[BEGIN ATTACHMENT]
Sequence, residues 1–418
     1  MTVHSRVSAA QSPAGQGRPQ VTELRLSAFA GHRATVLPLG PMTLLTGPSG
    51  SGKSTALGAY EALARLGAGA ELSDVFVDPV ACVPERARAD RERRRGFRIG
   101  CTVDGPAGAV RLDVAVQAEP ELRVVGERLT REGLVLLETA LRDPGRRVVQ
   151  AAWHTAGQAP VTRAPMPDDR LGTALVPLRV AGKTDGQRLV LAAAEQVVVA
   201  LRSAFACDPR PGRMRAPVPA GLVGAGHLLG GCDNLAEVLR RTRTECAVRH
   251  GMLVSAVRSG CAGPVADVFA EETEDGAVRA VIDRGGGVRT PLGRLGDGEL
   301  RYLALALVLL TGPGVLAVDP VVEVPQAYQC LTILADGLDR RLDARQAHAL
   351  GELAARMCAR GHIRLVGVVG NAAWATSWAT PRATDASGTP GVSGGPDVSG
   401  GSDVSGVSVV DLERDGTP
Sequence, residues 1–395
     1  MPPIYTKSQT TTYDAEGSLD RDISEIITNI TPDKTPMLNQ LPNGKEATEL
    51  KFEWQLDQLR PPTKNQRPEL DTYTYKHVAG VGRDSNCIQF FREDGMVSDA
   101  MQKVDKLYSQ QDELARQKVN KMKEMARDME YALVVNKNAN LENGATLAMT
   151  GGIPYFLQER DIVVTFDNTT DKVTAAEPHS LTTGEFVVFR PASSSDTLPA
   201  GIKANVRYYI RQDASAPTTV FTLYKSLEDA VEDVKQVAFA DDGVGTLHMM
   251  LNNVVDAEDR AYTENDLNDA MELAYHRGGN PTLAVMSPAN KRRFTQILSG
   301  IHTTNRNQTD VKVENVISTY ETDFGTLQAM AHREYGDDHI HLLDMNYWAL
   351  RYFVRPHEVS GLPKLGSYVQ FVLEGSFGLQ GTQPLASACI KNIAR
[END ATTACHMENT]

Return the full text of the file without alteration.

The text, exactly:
Sequence, residues 1–418
     1  MTVHSRVSAA QSPAGQGRPQ VTELRLSAFA GHRATVLPLG PMTLLTGPSG
    51  SGKSTALGAY EALARLGAGA ELSDVFVDPV ACVPERARAD RERRRGFRIG
   101  CTVDGPAGAV RLDVAVQAEP ELRVVGERLT REGLVLLETA LRDPGRRVVQ
   151  AAWHTAGQAP VTRAPMPDDR LGTALVPLRV AGKTDGQRLV LAAAEQVVVA
   201  LRSAFACDPR PGRMRAPVPA GLVGAGHLLG GCDNLAEVLR RTRTECAVRH
   251  GMLVSAVRSG CAGPVADVFA EETEDGAVRA VIDRGGGVRT PLGRLGDGEL
   301  RYLALALVLL TGPGVLAVDP VVEVPQAYQC LTILADGLDR RLDARQAHAL
   351  GELAARMCAR GHIRLVGVVG NAAWATSWAT PRATDASGTP GVSGGPDVSG
   401  GSDVSGVSVV DLERDGTP
Sequence, residues 1–395
     1  MPPIYTKSQT TTYDAEGSLD RDISEIITNI TPDKTPMLNQ LPNGKEATEL
    51  KFEWQLDQLR PPTKNQRPEL DTYTYKHVAG VGRDSNCIQF FREDGMVSDA
   101  MQKVDKLYSQ QDELARQKVN KMKEMARDME YALVVNKNAN LENGATLAMT
   151  GGIPYFLQER DIVVTFDNTT DKVTAAEPHS LTTGEFVVFR PASSSDTLPA
   201  GIKANVRYYI RQDASAPTTV FTLYKSLEDA VEDVKQVAFA DDGVGTLHMM
   251  LNNVVDAEDR AYTENDLNDA MELAYHRGGN PTLAVMSPAN KRRFTQILSG
   301  IHTTNRNQTD VKVENVISTY ETDFGTLQAM AHREYGDDHI HLLDMNYWAL
   351  RYFVRPHEVS GLPKLGSYVQ FVLEGSFGLQ GTQPLASACI KNIAR